Zwight's liquor house was discovered
tojbe on fire about 3 o'clock this morn
ing. The door was broken in and the
prompt use of chemicals and water
saved the building and the adjoining
lumber yard. The fire was evidently
set on the inside. Zwight estimates
his loss at about 55,000, covered by in
surance. A Kind Aetloa.
Blind Beggar You've dropped
your handkerchief, sir.
Man in a Hurry Thanks; but I
thought you were blind.
Blind Beggar So I am. But I hate
to see a man lose anything without
' oh, thank you; thank you, sir.
North Platte, Neb., April 28. The
southwestern veterans' reunion asso
ciation has decided to hold the next re
nnion at North Platte at the same time
as the western Nebraska irrigation fair
October 13, 14 and 15.
Osceola, Neb., April 28. Members
of the Odd Fellows lodge celebrated
the seventy-seventh anniversary of the
founding of the order in the United
Tried to Drown Herself.
Pterce, Neb., April 28. Mrs. II. F.
Barnhart of this place attempted to
drown herself in the Elkhorn near the
ice house Sunday afternoon. She tied
a piece of ribbon to a stick and then
tied her pocketbook to the stick and
laid it on the bank and then jumped in.
' William Mitchell and Ed Ehulow, who
were about sixty rods away, saw her
Jump in and ran to the spot and by the
lelp of a fish pole rescued her just as
she had gone down the third time. It
is charged that her husband has been
on a big spree and that they have had
Bight s'ouareMr.Cleorge. ,
Viewed from a "(rood politics" stand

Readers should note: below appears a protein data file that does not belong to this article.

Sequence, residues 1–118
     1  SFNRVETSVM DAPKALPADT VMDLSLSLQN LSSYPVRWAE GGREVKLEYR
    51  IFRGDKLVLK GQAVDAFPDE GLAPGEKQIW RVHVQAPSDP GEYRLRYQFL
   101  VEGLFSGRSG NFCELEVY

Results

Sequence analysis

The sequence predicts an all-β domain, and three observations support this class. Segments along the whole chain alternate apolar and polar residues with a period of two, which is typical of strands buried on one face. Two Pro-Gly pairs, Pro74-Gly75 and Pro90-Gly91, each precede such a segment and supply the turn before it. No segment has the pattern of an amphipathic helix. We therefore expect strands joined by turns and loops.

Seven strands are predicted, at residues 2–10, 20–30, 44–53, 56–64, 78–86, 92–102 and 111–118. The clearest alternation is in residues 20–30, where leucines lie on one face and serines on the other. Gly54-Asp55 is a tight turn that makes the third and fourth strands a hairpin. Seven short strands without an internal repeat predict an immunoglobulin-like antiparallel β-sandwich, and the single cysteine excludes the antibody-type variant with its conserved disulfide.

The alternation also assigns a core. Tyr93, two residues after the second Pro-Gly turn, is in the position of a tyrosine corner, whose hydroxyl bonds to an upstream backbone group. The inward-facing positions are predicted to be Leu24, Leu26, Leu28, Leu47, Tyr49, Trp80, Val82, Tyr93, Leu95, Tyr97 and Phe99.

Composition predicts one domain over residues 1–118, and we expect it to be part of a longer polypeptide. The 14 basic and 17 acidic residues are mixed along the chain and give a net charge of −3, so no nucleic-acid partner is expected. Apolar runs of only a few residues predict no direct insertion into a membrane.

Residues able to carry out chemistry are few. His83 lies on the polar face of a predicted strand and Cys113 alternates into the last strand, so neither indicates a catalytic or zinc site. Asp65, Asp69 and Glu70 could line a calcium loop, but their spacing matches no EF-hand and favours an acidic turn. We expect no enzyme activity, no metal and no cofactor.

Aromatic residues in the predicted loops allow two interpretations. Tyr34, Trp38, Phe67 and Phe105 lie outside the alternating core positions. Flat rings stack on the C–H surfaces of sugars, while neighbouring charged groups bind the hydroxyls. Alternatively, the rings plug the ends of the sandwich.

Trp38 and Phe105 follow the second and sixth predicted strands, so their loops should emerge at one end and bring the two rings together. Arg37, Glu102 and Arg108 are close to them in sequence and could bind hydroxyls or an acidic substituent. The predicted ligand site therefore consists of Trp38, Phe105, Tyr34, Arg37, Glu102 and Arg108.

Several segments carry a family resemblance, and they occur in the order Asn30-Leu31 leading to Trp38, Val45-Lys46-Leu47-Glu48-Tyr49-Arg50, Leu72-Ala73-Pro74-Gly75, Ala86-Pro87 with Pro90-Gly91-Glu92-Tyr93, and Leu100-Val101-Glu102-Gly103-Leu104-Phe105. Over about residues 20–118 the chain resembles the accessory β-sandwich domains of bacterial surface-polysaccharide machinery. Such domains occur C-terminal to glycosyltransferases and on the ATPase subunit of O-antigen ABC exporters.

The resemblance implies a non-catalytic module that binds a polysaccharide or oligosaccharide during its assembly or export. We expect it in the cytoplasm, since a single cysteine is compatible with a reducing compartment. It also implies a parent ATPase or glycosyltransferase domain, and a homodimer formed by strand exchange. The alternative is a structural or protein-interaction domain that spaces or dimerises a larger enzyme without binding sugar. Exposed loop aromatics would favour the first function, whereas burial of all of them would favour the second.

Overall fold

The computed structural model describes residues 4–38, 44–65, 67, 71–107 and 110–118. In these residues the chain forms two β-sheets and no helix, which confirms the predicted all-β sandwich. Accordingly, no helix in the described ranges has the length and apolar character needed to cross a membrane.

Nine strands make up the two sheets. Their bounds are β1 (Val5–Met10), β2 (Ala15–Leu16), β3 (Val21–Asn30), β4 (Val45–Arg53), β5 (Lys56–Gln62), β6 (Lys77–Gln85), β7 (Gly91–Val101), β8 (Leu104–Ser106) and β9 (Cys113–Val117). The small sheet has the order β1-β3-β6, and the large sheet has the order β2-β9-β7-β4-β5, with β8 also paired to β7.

point it would be too bad to preveut the
democratic party from naming a gold
bug to lead the ticket. Should the dem
ocratic party, succeed in naming Cleve
land or Carlisle it would be fair sailing
for a southern and western bolt under
the flag of Ti!!m an, but should they
name a silver man to lead then the silver
forces would be sorely divided, for the
3,000,000 populist voters of this nation
could not be induced by any manner of
means to make a single plank fight un
der the rotten old banner of democracy.
All good silver sympathizers will pray
for tbe success of the administration
forces at the Chicago convention. Den
THE LINCOLN OLIGARCHY.
How They Rule the Province of
Lincoln, Neb. April 20, 1890,
Editor Independent: I wonder if your
readers know tnat this community as
well as this state is governed by an olig
archy or perhaps more properly speaking
by a limited mouarcby. Notwithstand
ing they may not know it yet such is the
fact. The king is Mr. Holdredge of
Omaha. He may well be called "George,
the first." - The ruler of the province of
Lancaster county is D. E. Thompson.
This is the same Thompson who was a
partner of the good Mr. Mosher who
wrecked tbe Capital National bank.
David Eugene Thompson may be called
the Tetrarch of Lancaster and the Gov
ernorof Lincoln. He is assisted by J. W.
Deweese, L. W. Billingsley, Bud Lindsey,
Ed. Bignall and several miuor councel
lors. If any man wants an office in this
county be must see D. E. T. If be is on
due examination found worthy and well
qualified, thoroughly obedient and with
out conscientious scruples bereceives tbe
endorsement and royal seal of Governor
Thompson and is nominated by the re
publican party and elected by the people.
Thompson has limited power in and of
himself but, when backed, as he is, by
king George and his railroad u not
royal influence, he is well nigh irresistible.
1 tie way they do it is to Duy or buiiy ail
the republican newspapers either with
money, patronage passes or promises of
offices for editors. Then tbey buy up all
the leading and active politicians ot the
party by passes and promises. Then
they get it understood in the community
ot politicians that no man can hope
for success except witn tneir aia ana in
fluence. Thereupon the machine is organized and
in ruuning order arid whatever the king
or local governor says goes. And woe be
tide t lie luckless fool who once having been
elevated to office by their aid, so far for
gets himself as to fail to do anything
demanded of him.or to do anything they
forbid him to do. He is blacklisted.
turned down, fired out and finally dis
posed of in short order. The prayer of